Post-construction photo. Excavated along a historical channel alignment, hyporheic flow now mixes with groundwater, and provides salmonids cool water in the summer and warm water in the winter.

In 2004, Inter-Fluve worked with the Oregon Wildlife Heritage Foundation (OWHF) and Portland General Electric (PGE) to design and construct 4,400 feet of perennial side-channel habitat known as the Parson’s project.

One year post-construction, vegetation begins to re-establish along the Clackamas Parson’s project.

Juvenile salmonid observed utilizing large wood placed as part of the Milo McIver project.

Dry Creek Habitat Enhancement Feasibility & Alternatives Analysis, & Detailed Design

Dry Creek has been managed intensively for forestry, agriculture and gravel mining since the 1850s, resulting in 25 feet of channel incision. Since the mid-1980s, Dry Creek has also been highly regulated for flood control and water supply. The terms of the effective biological opinion for flood control and water supply operations in the Russian River system include substantial habitat enhancement in Dry Creek, with a target for enhancement of 6 miles of habitat in a 14-mile study reach. The habitat enhancement is focused towards ESA-listed coho salmon and steelhead trout. Since 2007, our work has included:

  • Feasibility and alternatives analysis study along a 14-mile reach.
  • Survey, habitat unit inventory, hydrologic analysis and hydraulic modeling, feasibility and alternatives analysis, project identification and prioritization.
  • Designed and constructed the Dry Creek Demonstration Project, which included habitat enhancements over a 1.1-mile reach (constructed 2012-2014).
  • Initiated design of an additional mile of projects which began construction in 2016 and are expected to be completed in 2018.
  • Begun design of a third mile of enhancement work be constructed starting in 2018.
  • Development of illustrative handbooks used to communicate designs with the community.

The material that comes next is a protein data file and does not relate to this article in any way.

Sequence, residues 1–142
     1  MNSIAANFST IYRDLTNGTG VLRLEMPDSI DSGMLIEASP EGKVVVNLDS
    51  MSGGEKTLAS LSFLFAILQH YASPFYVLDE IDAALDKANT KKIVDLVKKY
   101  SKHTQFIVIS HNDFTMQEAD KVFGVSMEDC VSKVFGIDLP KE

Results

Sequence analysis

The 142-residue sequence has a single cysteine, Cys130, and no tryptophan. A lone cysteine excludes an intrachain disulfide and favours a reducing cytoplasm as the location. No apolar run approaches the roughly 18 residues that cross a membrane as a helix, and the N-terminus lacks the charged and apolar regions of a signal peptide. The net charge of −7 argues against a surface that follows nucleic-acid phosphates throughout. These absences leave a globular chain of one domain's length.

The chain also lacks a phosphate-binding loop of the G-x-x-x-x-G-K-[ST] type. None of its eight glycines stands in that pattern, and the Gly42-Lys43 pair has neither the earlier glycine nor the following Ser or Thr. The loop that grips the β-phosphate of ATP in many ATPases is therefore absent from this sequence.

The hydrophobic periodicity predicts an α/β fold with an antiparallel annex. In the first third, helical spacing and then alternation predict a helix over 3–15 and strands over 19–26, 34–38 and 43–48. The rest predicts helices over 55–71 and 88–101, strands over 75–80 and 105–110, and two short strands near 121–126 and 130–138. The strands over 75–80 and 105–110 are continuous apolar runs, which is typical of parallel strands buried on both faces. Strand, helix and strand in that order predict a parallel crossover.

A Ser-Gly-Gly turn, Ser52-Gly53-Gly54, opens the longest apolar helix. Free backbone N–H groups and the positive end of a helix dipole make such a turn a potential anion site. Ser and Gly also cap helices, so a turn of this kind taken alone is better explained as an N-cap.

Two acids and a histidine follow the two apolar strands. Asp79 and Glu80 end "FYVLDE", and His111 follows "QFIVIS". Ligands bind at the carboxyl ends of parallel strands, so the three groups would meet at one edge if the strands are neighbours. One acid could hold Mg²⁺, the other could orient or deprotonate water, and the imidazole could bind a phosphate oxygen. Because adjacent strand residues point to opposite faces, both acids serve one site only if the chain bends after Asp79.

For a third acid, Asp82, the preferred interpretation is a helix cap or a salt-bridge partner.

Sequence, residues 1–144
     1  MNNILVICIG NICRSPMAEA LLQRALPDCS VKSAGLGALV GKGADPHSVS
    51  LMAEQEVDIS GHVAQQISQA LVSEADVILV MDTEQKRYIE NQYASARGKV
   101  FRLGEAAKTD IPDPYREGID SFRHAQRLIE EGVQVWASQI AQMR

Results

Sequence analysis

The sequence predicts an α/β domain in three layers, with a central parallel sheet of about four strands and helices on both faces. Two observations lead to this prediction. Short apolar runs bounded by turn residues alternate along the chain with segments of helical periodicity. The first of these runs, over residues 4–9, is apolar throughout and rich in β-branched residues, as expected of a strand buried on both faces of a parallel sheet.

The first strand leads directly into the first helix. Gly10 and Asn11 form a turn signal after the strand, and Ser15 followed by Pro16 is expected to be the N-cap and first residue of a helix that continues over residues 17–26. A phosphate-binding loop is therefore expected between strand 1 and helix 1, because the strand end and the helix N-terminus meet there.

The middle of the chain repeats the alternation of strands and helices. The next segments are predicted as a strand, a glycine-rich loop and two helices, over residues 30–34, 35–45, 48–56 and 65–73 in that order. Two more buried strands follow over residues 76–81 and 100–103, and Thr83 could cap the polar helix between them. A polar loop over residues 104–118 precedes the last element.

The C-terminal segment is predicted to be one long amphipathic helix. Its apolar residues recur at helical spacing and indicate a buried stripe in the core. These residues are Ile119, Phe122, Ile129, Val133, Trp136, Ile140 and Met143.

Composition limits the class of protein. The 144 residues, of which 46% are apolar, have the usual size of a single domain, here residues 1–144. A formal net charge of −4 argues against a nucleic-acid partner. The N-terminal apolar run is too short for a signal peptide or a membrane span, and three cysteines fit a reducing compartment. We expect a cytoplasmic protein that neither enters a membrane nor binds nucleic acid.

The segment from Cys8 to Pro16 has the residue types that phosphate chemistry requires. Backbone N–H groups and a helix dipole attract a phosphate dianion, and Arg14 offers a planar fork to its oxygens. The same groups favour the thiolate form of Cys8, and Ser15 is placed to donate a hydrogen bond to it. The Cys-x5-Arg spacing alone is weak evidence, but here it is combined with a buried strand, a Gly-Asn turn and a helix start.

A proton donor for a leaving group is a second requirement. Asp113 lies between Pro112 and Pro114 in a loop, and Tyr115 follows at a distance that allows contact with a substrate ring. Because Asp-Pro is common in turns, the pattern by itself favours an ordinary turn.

• Extensive collaboration with stakeholders, resource agencies, and community and the US Army Corps of Engineers.

Dry Creek Valley is a renowned wine producing region in northern Sonoma County, California where more than 150 winegrowers and 60 wineries are located. (Photo Sonoma County Watershed Agency)

Detailed habitat and geomorphic field assessment helped develop our understanding of current conditions in Dry Creek.

Bank failures resulting from 20 ft+ of channel incision threaten infrastructure and contribute fine sediment.  Photo: before construction.

Project elements include bioengineered bank stabilization, constructed backwaters and side channels, installation of boulders and log jams, and riparian restoration.

Our bioengineered solution involves intensive revegetation to improve riparian ecology and future bank stability in addition to large wood that provides fish habitat in the channel.

Constructed off-channel habitat provides critical summer and winter habitat for ESA-listed coho and steelhead. (before)

As riparian vegetation matures, the project realizes additional aquatic and terrestrial habitat benefits.

Working with the Sonoma County Watershed Agency, we developed a handbook to communicate designs to adjacent landowners.

Intensive monitoring of the completed project has shown robust fish use in the constructed habitats.